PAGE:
Towards an international alliance of socialist parties

by Murray Smith

The policy of the Scottish Socialist Party (SSP), reaffirmed at its annual conference in February 2001, is to work towards an international alliance of socialist parties. This objective is based on the reality of the emergence of new parties in a number of countries. It would be premature to try to launch a formal alliance today. The process is uneven, more advanced in some countries than in others. But it has already been possible to establish links with the emerging new socialist forces in different countries.

This article will attempt to look at the situation of the workers’ movement and the left, specifically in western Europe, and to map out the conditions of the emergence of new socialist parties.

The overall context is one in which the working class of western Europe has been subjected for more than twenty years to a sustained capitalist offensive aiming to roll back all the gains which were built up in the postwar period. This offensive involves attacks on public services, the health service and education, the privatisation of nationalised industries, attacks on welfare rights and job security, the introduction of flexible working, deregulation and so on.

This offensive began in the late 1970s. It was the reaction of the capitalists to the end of the postwar boom and the long depressive wave which began with the recession of 1974-75. The process known as globalisation also corresponds to this period. Its function is above all to liberate capital and commodities from the limits imposed on them in the postwar period and enable them to flow freely around the world, concentrating capital, exploiting workers and the poor.

In this period capitalism has a more and more parasitic character. Profits extracted from the exploitation of labour are increasingly invested not in production but in financial operations of various sorts. Parallel to the capitalist offensive and reinforcing it, substantial changes have taken place in the composition of the working class, involving the weakening or disappearance of traditional sectors which were often the best organised, most militant and most politically conscious.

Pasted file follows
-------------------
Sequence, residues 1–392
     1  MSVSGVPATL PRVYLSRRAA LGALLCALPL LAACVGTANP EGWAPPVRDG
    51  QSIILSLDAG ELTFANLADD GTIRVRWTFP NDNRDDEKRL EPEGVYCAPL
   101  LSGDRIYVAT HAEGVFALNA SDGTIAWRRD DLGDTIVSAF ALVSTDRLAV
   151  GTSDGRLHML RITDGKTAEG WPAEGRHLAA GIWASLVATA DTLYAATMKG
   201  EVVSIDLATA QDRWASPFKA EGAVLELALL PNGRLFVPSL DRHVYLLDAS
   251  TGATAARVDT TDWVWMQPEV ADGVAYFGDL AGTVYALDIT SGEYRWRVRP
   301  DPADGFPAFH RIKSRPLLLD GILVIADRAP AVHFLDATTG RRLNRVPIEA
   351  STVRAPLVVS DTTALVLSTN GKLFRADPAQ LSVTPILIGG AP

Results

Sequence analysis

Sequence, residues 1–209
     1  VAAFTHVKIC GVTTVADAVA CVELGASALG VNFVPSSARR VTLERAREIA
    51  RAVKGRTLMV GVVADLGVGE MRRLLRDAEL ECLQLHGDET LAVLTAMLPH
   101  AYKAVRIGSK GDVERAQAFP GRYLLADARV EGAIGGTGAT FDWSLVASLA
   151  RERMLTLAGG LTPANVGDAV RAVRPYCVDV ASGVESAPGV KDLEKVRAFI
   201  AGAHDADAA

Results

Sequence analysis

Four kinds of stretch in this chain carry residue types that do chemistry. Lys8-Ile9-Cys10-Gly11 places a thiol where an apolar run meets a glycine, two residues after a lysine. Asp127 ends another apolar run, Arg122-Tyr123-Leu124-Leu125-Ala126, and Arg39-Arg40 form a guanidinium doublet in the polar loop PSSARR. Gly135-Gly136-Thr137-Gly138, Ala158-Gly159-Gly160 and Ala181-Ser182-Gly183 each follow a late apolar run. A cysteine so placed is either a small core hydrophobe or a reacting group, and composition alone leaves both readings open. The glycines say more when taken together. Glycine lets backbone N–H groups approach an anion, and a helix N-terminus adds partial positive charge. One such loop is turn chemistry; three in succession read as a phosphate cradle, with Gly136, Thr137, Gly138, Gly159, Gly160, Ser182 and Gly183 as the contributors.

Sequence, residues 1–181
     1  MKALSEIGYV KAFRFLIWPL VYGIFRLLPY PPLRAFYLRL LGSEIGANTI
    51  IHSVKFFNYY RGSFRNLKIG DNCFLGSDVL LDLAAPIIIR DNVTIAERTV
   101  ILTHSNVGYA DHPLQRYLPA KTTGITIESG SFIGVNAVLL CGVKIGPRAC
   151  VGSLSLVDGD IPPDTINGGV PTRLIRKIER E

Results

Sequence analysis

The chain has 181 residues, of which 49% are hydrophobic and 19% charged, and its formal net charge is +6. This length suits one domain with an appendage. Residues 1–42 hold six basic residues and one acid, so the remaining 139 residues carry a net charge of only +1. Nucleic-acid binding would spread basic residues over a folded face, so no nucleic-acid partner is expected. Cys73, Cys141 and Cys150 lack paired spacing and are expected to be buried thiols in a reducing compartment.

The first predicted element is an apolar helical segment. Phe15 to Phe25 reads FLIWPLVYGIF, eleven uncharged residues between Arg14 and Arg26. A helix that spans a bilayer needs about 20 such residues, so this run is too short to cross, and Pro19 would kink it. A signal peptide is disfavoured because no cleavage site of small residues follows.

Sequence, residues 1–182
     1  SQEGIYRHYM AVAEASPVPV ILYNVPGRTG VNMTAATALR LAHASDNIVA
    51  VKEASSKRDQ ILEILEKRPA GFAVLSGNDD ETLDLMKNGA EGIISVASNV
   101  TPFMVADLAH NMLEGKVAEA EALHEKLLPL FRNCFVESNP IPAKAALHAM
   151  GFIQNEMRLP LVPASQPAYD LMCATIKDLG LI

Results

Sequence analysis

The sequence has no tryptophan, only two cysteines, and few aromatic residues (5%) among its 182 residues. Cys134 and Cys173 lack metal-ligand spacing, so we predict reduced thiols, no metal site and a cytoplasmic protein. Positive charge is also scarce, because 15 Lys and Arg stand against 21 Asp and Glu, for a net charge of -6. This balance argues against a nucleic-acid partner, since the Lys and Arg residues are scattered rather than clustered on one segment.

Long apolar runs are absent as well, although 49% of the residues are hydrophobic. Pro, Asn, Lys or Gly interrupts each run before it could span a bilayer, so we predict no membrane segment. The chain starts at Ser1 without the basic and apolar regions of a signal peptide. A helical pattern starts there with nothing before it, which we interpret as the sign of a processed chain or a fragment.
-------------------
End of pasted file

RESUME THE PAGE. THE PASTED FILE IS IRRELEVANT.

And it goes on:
The material offensive against the working class has been accompanied by an ideological offensive promoting the supposed superiority of the market economy. Since the collapse of the Soviet Union, this has been reinforced by a whole discourse on the failure of socialism, leading to the conclusion that capitalism is the only game in town, that it can be tinkered with but not seriously reformed and certainly not challenged because there is no alternative, that you must not infringe the sacrosanct “laws of the market”. The discourse on the market is of course bunkum and can easily be exposed as such. Historically, the state has frequently intervened in the economy to defend its own national capitalists and to regulate relations between employers and workers. Today the state intervenes to promote globalisation and neo-liberal policies. However, the offensive centring on the “failure of socialism” has to be taken more seriously. The balance sheet not only of Stalinism but also of social democracy and of a whole series of radical nationalist regimes which claimed to be socialist makes it urgent and indispensable to redefine a credible perspective of democratic socialism for the twenty-first century.

This context of a sustained capitalist offensive needs to be borne in mind because it has had a profound effect on working-class organisation and consciousness, and this is the framework within which the present recomposition of the workers’ movement is taking place.

It is important to underline that the offensive against the working class has been carried forward from the beginning by governments not only of the right but also of the left. In Britain the offensive is associated with Margaret Thatcher, who inflicted substantial defeats on the working class and blazed a trail that other bourgeois governments in Europe have tried, generally with less success, to follow.